“I began to realize very early that one of my main jobs was managing people’s expectation of rail. In order to do this I was able to take multiple reports and distribution lists and combine them into a central location. I talked to many of the stakeholders and basically created one reporting dashboard that had all the data that everyone was requesting. I also leveraged technology to develop reporting specifically for crude rail, and this created a stable platform to do scheduling duties.”
Equally proud of his accomplishments and excited for what’s still to come, Jason is thriving in a career he excels in and enjoys. As he continues to find new solutions to old problems or enjoy the unique experiences that arise for many global business professionals, his training and CITP®|FIBP® designation will continue to play an important part in his career development and the success he achieves along the way.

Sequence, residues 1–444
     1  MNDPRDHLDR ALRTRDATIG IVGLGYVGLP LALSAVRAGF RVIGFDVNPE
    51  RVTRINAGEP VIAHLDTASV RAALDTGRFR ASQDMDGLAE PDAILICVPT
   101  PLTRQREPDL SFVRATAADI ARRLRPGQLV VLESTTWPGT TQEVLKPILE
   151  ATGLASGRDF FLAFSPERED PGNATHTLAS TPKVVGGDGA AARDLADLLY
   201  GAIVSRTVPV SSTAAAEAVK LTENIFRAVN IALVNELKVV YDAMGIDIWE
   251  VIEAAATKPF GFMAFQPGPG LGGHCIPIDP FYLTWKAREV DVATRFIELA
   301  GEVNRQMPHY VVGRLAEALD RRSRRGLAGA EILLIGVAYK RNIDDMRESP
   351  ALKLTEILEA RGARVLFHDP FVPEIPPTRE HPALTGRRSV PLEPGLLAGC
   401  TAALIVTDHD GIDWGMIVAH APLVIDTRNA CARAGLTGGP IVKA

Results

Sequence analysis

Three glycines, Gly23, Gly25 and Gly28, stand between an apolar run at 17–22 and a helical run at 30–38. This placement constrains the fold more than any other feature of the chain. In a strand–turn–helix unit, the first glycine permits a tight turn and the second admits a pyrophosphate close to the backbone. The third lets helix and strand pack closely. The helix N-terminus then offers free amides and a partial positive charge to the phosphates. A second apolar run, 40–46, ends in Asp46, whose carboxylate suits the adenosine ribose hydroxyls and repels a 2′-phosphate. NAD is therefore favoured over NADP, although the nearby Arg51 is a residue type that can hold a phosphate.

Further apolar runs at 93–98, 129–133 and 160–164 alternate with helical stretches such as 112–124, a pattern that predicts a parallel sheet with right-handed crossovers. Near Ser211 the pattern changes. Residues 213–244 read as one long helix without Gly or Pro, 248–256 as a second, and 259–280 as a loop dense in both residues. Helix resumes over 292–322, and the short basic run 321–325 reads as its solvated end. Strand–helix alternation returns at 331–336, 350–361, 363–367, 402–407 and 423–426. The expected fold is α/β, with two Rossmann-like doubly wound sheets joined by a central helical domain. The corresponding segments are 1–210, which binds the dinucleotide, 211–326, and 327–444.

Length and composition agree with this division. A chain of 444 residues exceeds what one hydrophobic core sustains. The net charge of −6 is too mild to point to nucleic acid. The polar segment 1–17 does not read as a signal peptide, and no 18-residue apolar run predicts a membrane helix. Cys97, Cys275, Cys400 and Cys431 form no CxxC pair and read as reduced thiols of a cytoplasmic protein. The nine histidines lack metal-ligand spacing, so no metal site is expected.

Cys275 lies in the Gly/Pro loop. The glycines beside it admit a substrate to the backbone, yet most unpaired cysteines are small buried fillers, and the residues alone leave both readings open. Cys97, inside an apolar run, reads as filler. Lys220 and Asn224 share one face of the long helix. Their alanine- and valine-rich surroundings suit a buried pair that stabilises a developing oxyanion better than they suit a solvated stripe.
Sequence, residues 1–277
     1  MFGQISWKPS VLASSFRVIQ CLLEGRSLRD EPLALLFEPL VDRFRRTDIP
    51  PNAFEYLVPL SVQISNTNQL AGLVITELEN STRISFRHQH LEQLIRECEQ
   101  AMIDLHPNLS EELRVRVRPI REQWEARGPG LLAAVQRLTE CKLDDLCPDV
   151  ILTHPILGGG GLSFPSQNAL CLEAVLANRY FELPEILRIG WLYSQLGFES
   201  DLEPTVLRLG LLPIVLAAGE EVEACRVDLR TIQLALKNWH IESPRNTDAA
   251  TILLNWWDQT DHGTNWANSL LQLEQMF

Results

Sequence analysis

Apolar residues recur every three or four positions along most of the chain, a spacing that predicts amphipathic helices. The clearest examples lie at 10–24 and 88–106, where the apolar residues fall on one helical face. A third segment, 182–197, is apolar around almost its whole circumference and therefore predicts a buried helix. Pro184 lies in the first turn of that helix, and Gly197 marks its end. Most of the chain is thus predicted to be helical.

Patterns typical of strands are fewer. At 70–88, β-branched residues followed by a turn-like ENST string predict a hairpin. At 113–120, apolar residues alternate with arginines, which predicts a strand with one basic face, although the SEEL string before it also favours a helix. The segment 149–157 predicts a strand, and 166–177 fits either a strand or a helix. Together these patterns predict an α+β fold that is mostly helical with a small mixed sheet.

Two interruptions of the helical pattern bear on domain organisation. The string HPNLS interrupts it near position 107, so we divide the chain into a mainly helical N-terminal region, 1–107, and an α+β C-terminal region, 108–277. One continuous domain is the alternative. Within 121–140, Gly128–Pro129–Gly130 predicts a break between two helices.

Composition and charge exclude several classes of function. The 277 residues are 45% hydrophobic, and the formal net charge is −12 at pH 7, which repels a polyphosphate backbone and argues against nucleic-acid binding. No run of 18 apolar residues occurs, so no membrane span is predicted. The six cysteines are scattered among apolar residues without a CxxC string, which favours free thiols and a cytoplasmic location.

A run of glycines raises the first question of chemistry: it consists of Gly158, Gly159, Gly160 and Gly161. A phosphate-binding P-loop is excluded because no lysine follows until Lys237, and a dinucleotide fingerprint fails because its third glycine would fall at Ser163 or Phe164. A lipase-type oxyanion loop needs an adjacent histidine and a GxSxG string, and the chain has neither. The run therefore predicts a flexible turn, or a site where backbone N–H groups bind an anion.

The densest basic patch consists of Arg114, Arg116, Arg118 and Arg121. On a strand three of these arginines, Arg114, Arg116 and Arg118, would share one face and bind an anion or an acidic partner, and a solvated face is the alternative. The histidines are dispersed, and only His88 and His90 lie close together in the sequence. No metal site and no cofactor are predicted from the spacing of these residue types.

Learn more about the CITP®|FIBP® designation
INTERNATIONAL BUSINESS CERTIFICATION—CITP®|FIBP®
Advance your career and build your professional credibility in the field of global business by earning the Certified International Trade Professional (CITP) designation.
Why Earn the Certified International Trade Professional (CITP) Designation?
The Certified International Trade Professional (CITP) designation is the world’s leading professional designation for the field of international business. So whether you’re new to global trade or have over a decade of direct experience, you’ll find the CITP designation can help advance your career and build your professional credibility.
The CITP designation sets you apart in the competitive international business industry because it’s proof you possess the competencies global business experts have identified as being essential for a successful career in international trade. It also recognizes your dedication to ethical business practices and ongoing professional development—both of which are desirable traits for today’s global business practitioners.